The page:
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Yoga Yields Big Benefits to Gymnasts, Says Two-Time Olympian Molnar
Written by John Crumlish for International Gymnast Online
Sunday, May 17, 2020
Two-time Hungarian Olympian Andrea Molnar is on a personal and professional mission to endorse the physical and psychological benefits that the ancient art of yoga can have on contemporary gymnasts and coaches who perhaps view it with skepticism.
Molnar’s evolution from world-class gymnast to yoga instructor, entrepreneur and gymnastics choreographer has been transcontinental. Born March 3, 1975, in Budapest, Molnar was a formidable force for Hungarian gymnastics in two Olympic cycles. Her best results included first place on floor exercise and fifth all-around at the 1993 European Cup, 11th all-around at the 1993 World Championships in Birmingham, 13th all-around at the 1994 Worlds in Brisbane and 15th all-around at the 1992 Olympic Games in Barcelona.
Following her retirement from competition, Molnar coached gymnastics for several years in California and New York. She met her American husband, Jim McKay, while coaching in New York 14 years ago. Professional gymnastics coaching opportunities encouraged the couple to relocate to Oslo, Norway, where Molnar now runs her businesses and McKay coaches the Norwegian Special Olympics men’s gymnastics team.
In this International Gymnast Online interview, Molnar reveals how she believes yoga can enrich current gymnasts’ training and performances through its various if yet unfamiliar physical and mental advantages.
IG: What do you feel are the hidden or unknown benefits that yoga can provide to today’s gymnasts?
AM: Yoga has the potential to help gymnasts with injury prevention, body posture and awareness, stress relief and better focus. It also increases athletes’ strength and flexibility. Every day there are many different exercises such as heavy jumps, landings and conditioning that pound on the joints and muscles. The dynamic nature of gymnastics creates imbalance in the body. Often there are muscle groups that are trained much harder than others, causing an imbalance which can lead weaker muscles to overcompensate when they are needed. This also occurs in flexibility training with more focus being put on stretching splits and backs to achieve higher-difficulty skills, while other parts are simply forgotten about. Since everything is connected, it is only logical to bring those parts into the mix and find balance through the practice of yoga. Practicing yoga helps to strengthen weak spots and open tight areas, in turn helping to stabilize the joints and increase body awareness.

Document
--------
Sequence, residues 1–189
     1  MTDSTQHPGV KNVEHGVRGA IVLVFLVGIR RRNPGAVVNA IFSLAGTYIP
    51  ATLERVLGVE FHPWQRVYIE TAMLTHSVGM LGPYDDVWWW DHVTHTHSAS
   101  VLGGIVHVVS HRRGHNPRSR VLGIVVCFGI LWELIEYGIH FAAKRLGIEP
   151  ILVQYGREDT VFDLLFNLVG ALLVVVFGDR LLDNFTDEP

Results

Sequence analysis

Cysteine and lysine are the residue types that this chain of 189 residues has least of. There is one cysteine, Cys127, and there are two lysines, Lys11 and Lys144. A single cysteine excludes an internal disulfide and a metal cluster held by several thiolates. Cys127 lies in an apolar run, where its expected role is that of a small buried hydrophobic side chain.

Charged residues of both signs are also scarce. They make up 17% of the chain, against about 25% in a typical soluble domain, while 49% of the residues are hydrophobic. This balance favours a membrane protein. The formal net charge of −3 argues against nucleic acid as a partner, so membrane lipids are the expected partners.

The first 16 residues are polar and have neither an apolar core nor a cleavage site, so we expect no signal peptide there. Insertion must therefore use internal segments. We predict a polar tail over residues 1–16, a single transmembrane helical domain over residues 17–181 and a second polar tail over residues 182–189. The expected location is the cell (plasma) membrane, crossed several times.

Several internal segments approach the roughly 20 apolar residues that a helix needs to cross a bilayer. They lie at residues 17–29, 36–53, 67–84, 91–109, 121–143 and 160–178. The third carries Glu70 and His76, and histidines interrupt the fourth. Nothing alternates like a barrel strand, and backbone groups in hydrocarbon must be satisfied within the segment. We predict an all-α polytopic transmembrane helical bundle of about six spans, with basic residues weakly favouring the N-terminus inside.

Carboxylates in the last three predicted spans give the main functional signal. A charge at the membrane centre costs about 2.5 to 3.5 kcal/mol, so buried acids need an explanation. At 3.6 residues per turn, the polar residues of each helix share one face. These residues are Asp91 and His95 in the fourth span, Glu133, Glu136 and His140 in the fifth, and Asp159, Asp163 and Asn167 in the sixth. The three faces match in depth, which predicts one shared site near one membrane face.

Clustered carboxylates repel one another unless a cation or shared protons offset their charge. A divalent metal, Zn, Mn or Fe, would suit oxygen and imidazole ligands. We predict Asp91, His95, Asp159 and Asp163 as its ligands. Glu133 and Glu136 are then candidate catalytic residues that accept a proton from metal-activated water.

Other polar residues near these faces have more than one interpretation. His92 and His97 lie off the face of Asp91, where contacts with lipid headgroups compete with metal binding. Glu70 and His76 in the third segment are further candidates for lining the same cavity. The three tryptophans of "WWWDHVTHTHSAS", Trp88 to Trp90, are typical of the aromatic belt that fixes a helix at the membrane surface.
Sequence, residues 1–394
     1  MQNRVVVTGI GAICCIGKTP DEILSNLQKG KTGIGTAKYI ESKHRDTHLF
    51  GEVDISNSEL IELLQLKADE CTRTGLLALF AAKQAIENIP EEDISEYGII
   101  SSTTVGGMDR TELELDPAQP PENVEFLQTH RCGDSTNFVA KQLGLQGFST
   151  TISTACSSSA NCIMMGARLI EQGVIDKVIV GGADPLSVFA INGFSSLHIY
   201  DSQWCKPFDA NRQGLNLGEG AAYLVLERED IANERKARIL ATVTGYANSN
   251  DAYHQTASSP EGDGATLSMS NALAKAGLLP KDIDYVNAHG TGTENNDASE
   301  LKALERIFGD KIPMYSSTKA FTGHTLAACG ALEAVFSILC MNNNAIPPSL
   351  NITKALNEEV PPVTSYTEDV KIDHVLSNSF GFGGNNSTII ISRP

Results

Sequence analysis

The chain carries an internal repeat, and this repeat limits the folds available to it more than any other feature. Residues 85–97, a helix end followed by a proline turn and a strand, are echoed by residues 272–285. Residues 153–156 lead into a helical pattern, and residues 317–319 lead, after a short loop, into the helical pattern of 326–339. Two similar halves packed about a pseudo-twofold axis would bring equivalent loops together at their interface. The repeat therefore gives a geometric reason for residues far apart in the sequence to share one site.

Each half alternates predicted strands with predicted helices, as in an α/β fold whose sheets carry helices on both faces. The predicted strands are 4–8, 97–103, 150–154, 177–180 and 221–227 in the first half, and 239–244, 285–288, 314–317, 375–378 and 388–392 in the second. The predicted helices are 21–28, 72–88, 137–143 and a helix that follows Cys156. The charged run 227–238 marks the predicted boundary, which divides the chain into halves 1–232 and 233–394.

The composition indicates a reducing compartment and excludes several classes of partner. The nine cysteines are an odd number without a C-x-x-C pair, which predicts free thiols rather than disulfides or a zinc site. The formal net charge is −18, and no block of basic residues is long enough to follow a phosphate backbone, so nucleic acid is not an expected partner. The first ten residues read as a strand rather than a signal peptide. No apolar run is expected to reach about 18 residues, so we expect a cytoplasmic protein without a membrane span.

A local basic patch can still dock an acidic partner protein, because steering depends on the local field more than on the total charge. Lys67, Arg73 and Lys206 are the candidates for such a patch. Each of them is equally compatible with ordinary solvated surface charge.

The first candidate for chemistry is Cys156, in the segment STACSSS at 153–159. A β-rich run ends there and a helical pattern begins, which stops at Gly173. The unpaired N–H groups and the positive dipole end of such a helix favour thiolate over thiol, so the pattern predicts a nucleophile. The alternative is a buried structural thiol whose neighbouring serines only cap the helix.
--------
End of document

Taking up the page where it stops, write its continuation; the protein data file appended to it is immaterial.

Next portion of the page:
IG: How can gymnasts and their coaches come to appreciate the benefits of yoga, which could be viewed as a challenging contrast to the high energy level and often times quick movements required in gymnastics?
AM: When I started practicing yoga, the challenge was to slow down and focus on the breathing technique. With time and consistent practice I started to feel the benefits of my dedication, which included the release of muscles that had been tight for years, as well as a sense of calm and balance emotionally that came in a time when I was under some personal stress. Gymnastics coaches and athletes already know and respect the benefits of consistency and the rewards it can bring.
Besides the obvious contrasts of movement there are some social stigmas related to yoga and those that practice it. Many people think that yoga is too religious and those that practice it are overly spiritual, or that you have to be incredibly flexible to even begin trying it. As a society we often tend to judge things before we even take a taste or second glance. The reality is that there are many different styles and approaches to yoga, and it is up to the practitioner to pick and choose what works for them. During my competitive years I needed regular massage therapy to help me cope with the muscle tension associated with regular training, and I believe that I could have avoided much of this pain through the implementation of appropriate yoga sequences.
IG: How much yoga per week do you feel is enough to benefit a gymnast, and which yoga exercise exercises do you feel are most likely to improve a gymnast?
AM: I would say 10-15 minutes, two or three times a week, can be beneficial for gymnasts. You can add 10 minutes of yoga sequences to your daily warm-up or for your injury prevention time. Another option could be to do two times a week of 10-15 minutes of yoga during warm-up and make a longer yoga session on Saturday, about 30 minutes or longer. For example, if you are doing yoga on a daily basis, each day you should focus on different body parts. If you have longer sessions you can mix it — two or three hip opener exercises, two or three shoulder exercises and so on. The most important thing in yoga is to breathe.